The power of sharing our patient shadowing stories was unbelievable and influenced many changes thereafter. Sharing our experiences with the Trust Board was particularly beneficial, I remember thinking before I went in to talk to them ‘they will not be interested in this, I have no graphs or data’. I was very wrong….the board were incredibly engaged, interested and keen to offer help. Since then one of my favourite quotes is from Brené Brown: “Maybe stories are just data with a soul”.

What change could we make that would do most to embed continuous improvement in health & care?
Working with such a range of professionals within the organisation, I can see that if we understood each other’s roles better it would open the doors to better communication, break down barriers and misconceptions and close the hierarchical gap. Therefore one change I would like to embed, is introducing a day where we wear a different uniform and walk in someone else’s shoes!

Why did you join Q?

[Sketchnote SIG] You don’t need to be able to draw to join, just an open mind and willing to give it a go… who knows where it will take you!

The quality improvement team is a very small team at NBT, therefore we felt it was important to network with colleagues from other organisations. Working closely with our local AHSN – West of England – encouraged this and joining the Q community was an extension of that,  allowing for UK wide networking. I have benefited so much from being a Q member this last year, especially from the Q visits, which have taught me many new concepts, tools and ways of working. All of which I share back with my colleagues.

Can you tell us about something you’re currently working on that Q members might be able to contribute to?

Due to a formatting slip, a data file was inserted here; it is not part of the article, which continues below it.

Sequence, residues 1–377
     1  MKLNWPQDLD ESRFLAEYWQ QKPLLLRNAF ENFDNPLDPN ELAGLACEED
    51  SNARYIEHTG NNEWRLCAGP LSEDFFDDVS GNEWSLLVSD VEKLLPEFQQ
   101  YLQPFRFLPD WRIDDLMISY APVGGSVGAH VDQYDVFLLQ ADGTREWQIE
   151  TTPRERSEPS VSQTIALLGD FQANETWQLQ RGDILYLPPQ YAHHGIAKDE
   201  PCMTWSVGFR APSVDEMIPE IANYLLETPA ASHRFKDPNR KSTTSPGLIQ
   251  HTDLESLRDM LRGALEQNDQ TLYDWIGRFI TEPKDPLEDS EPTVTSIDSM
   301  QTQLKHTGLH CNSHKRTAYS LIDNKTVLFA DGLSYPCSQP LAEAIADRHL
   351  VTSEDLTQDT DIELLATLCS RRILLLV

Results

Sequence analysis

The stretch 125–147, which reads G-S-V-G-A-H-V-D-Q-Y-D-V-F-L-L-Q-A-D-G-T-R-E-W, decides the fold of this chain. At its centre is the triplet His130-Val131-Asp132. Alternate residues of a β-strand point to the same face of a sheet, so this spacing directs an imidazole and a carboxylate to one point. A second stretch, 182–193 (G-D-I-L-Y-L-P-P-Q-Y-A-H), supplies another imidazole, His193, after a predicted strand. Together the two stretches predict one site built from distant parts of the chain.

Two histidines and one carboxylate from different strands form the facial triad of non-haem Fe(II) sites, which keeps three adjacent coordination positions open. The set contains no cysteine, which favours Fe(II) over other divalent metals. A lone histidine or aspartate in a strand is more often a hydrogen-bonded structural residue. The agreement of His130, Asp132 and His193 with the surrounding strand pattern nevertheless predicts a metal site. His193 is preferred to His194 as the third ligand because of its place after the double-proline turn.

Working as a quality improvement practitioner has led me to learning many new skills, which suits my personality, one of which is sketchnoting. I’m not an artist, but I do love sketch notes and other infographics used to communicate visually. Recently, with the help of Sophie Bland and Nathalie Delaney at WE AHSN, we have set up a Sketchnote Q special interest group (SIG) with the view to share knowledge and resources and to develop our sketchnoting skills! You don’t need to be able to draw to join, just an open mind and willing to give it a go…who knows where it will take you!
“I did the ‘School for Change Agents’ online course recently. It’s surprising how much more  I remember by taking notes as Sketchnotes, rather than taking conventional notes”.

Comments

  1. Love your sketch in particular the shift of power from traditional organogram to spider web structure. I wonder how many organizations can put this in practice and share experiences.

    1. A great question and challenge. Would love to hear of any shared experiences.

  2. Guest

    really positive  and inspiring

  3. Vardeep, Please consider joining the Process Visualization SIG. I think it is aligned with your way of thinking.